Evidence-based assessment

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Evidence-based assessment (EBA) refers to the application of research and theory in selecting constructs for a specific assessment purpose, as well as informing the methods and measures used in the assessment process.[1] This approach recognizes that, despite data from psychometrically robust measures, the assessment process inherently involves iterative decision-making. Clinicians formulate and test hypotheses by integrating often incomplete and inconsistent data.[1] EBA has been shown to aid clinicians in reducing cognitive biases in their clinical decisions.[2] Evidence-based assessment is a component of the broader movement towards evidence-based practices.

The concept of Evidence-based assessment (EBA) originated in the field of medicine,[3] and has since been adopted in several other disciplines, notably clinical psychology. The EBA approach is widely recognized as an empirically driven method of clinical decision-making. Cochrane reviews have reported the efficacy of EBA methods.[4]

History and development[edit]


Test Selection and Inadequate Assessment[edit]

Despite the availability of numerous guidelines to assist psychologists in conducting Evidence-Based Assessments (EBAs), professionals often fall short in adhering to these guidelines. Projective tests, for instance, are frequently employed in the assessment of child adjustment.[5] It has been observed that there is considerable variability among professionals in following professional guidelines, leading to instances where evaluators fail to assess general parenting abilities adequately.[6]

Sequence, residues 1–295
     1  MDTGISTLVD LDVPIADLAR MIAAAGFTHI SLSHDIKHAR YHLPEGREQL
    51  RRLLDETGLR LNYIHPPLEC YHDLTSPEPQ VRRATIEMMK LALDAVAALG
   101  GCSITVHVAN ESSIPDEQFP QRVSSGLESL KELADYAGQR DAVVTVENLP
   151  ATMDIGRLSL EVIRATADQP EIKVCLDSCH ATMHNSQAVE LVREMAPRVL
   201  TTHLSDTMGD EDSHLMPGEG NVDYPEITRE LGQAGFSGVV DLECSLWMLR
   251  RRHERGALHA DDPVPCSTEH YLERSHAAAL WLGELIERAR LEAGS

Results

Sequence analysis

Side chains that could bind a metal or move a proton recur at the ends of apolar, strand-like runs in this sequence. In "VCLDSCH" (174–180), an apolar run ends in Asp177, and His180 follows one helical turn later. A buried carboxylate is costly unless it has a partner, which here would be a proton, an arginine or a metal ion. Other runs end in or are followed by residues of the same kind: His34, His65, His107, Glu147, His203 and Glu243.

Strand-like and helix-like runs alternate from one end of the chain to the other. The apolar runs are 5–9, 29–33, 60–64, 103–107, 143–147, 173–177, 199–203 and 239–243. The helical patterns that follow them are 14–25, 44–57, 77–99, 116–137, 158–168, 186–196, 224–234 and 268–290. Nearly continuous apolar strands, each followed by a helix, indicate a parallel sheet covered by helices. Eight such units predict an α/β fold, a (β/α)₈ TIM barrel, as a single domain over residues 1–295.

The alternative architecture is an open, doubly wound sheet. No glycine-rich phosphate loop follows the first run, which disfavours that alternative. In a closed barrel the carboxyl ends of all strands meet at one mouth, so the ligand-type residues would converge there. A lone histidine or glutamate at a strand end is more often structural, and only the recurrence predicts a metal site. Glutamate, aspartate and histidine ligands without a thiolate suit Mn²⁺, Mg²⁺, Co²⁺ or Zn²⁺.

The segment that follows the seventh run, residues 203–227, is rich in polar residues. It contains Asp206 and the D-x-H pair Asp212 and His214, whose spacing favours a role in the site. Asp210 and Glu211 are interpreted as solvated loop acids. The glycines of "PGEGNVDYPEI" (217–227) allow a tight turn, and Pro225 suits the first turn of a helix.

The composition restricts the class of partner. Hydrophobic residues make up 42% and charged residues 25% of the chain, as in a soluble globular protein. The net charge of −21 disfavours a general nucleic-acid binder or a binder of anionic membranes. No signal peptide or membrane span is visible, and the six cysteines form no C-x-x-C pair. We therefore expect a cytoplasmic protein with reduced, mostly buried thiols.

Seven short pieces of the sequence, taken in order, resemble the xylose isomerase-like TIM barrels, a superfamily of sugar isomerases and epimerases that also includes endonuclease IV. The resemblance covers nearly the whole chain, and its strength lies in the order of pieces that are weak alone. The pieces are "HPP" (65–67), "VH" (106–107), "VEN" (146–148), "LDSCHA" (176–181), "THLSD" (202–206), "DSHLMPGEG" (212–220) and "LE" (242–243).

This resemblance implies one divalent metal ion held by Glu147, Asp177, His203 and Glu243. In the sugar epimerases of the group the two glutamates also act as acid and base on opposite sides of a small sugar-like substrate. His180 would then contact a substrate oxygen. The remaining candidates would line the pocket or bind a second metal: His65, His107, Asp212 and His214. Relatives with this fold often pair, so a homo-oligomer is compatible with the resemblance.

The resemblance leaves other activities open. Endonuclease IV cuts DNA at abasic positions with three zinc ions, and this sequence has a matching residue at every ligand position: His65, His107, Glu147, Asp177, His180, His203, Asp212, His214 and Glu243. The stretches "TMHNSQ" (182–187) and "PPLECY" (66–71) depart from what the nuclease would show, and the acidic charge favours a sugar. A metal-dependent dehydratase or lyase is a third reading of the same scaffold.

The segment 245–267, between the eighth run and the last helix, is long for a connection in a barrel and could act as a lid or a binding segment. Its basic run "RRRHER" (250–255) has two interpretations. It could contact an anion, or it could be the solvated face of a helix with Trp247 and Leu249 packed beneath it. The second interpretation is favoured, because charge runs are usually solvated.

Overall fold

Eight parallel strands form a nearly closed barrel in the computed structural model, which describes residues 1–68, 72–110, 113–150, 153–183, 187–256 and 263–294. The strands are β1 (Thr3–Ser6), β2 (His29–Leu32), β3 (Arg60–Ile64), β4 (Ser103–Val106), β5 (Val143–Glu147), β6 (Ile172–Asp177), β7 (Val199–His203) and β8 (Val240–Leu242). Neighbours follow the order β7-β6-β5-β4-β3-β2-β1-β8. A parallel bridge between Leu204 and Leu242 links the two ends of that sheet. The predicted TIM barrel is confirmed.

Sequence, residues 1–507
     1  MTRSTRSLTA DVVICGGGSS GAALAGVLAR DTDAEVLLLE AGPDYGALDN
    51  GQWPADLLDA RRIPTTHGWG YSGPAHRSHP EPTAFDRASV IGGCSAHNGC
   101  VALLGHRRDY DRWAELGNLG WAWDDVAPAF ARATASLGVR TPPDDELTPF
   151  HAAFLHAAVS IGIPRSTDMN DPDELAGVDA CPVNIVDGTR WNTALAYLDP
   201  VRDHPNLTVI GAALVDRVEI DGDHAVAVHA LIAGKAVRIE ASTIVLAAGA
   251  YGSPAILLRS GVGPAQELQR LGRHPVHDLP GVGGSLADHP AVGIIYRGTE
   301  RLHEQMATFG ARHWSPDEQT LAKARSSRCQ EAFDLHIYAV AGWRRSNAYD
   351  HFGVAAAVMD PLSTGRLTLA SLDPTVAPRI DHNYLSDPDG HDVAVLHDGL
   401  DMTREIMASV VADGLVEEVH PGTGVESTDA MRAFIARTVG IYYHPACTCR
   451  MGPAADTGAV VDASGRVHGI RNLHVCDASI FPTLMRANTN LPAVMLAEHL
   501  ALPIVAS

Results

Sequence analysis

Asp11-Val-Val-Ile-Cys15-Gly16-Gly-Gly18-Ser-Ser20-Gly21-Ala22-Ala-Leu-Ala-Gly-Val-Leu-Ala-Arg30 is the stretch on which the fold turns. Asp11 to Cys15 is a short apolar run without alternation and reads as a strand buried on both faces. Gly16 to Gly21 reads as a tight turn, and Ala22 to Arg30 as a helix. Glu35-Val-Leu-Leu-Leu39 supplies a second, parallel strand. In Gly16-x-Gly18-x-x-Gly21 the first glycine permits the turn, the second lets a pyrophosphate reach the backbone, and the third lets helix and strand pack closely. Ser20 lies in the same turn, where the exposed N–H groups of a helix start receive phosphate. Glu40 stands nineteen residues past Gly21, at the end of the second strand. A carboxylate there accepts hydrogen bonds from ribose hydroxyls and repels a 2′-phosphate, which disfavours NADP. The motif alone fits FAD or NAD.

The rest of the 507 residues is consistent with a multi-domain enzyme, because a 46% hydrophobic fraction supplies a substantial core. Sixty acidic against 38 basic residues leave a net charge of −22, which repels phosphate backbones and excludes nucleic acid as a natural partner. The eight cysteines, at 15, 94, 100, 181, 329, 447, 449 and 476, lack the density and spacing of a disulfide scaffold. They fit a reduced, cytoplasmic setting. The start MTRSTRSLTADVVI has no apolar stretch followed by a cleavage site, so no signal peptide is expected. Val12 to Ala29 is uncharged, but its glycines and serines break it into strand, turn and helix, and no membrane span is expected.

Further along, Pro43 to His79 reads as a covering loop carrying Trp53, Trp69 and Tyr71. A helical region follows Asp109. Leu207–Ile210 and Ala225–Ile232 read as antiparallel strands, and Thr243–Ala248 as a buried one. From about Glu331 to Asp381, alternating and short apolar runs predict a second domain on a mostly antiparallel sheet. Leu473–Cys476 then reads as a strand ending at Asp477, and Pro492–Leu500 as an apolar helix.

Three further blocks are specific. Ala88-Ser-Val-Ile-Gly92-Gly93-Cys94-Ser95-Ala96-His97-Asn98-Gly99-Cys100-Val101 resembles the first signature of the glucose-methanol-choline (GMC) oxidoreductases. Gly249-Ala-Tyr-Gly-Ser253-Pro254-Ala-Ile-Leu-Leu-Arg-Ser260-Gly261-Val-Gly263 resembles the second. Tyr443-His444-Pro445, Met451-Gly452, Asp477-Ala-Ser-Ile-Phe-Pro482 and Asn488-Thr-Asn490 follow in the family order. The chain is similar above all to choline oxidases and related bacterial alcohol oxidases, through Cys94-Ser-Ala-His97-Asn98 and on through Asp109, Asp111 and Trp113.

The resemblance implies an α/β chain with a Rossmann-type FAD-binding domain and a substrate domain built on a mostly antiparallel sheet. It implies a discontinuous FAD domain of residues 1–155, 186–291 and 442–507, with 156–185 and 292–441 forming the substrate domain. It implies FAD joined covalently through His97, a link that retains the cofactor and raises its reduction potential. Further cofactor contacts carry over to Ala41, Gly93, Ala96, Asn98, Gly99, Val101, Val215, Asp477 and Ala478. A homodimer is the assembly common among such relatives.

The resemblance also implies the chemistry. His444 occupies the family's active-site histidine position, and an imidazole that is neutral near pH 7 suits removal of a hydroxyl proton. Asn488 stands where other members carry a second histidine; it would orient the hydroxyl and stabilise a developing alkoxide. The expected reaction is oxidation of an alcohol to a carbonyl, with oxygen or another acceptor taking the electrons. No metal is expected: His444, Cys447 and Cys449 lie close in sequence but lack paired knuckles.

Issues in Test Interpretation[edit]

Professionals and authorities often erroneously recommend interpreting variability between and within scales that might not have been rigorously tested. For example, due to thorough efforts in establishing norms, reliability, and validity measures, certain measures like the Wechsler intelligence scales for both adults and children are considered as some of the most reliable psychological instruments. Authorities often advise the consideration of subtest scores. However, unlike full-scale IQ scores, subtest scores frequently have lower levels of internal consistency reliability. This results in reduced precision of measurement and an increased likelihood of false positive and false negative conclusions about the assessment.


  1. ^ a b Hunsley, John; Mash, Eric J. (27 April 2007). "Evidence-based assessment". Annual Review of Clinical Psychology. 3: 29–51. doi:10.1146/annurev.clinpsy.3.022806.091419. PMID 17716047.
  2. ^ Jenkins, Melissa M.; Youngstrom, Eric A.; Washburn, Jason J.; Youngstrom, Jennifer Kogos (April 2011). "Evidence-Based Strategies Improve Assessment of Pediatric Bipolar Disorder by Community Practitioners". Professional Psychology: Research and Practice. 42 (2): 121–129. doi:10.1037/a0022506. PMC 3100552. PMID 21625392.
  3. ^ Sackett, David L.; Rosenberg, William M.C.; Gray, J.A. Muir; Haynes, R. Brian; Richardson, W. Scott (13 January 1996). "Evidence based medicine: what it is and what it isn't". BMJ. 312 (7023): 71–2. doi:10.1136/bmj.312.7023.71. PMC 2349778. PMID 8555924.
  4. ^ Stacey, Dawn; Légaré, France; Lewis, Krystina; Barry, Michael J.; Bennett, Carol L.; Eden, Karen B.; Holmes-Rovner, Margaret; Llewellyn-Thomas, Hilary; Lyddiatt, Anne (2017). "Decision aids for people facing health treatment or screening decisions" (PDF). The Cochrane Database of Systematic Reviews. 2017 (4): CD001431. doi:10.1002/14651858.CD001431.pub5. ISSN 1469-493X. PMC 6478132. PMID 28402085.
  5. ^ Ackerman, Marc J.; Ackerman, Melissa C. (April 1997). "Custody evaluation practices: A survey of experienced professionals (revisited)" (PDF). Professional Psychology: Research and Practice. 28 (2): 137–145. doi:10.1037/0735-7028.28.2.137.
  6. ^ Horvarth, Leah S.; Logan, T.K.; Walker, Robert (December 2002). "Child custody cases: A content analysis of evaluations in practice". Professional Psychology: Research and Practice. 33 (6): 557–565. doi:10.1037/0735-7028.33.6.557.